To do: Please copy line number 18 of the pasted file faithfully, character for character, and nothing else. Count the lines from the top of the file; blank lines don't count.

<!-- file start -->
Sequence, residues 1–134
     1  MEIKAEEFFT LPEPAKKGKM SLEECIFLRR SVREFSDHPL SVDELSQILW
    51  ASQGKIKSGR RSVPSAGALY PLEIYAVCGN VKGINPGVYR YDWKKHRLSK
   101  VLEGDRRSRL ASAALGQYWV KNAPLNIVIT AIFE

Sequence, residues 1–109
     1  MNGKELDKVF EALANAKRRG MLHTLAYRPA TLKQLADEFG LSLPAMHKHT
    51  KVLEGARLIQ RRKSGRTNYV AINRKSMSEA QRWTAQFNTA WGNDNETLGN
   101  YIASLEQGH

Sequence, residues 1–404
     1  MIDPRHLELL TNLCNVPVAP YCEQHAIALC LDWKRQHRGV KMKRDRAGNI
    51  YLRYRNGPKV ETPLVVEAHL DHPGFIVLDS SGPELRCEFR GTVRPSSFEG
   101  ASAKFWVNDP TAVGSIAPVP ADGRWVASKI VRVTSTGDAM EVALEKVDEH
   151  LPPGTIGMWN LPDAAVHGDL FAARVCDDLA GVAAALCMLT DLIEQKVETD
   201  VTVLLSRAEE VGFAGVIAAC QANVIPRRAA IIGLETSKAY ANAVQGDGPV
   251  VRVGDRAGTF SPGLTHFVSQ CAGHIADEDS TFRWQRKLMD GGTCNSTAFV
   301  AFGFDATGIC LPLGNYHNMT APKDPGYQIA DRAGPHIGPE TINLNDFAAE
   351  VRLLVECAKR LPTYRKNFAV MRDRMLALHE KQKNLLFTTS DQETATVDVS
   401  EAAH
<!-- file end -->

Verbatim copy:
   401  EAAH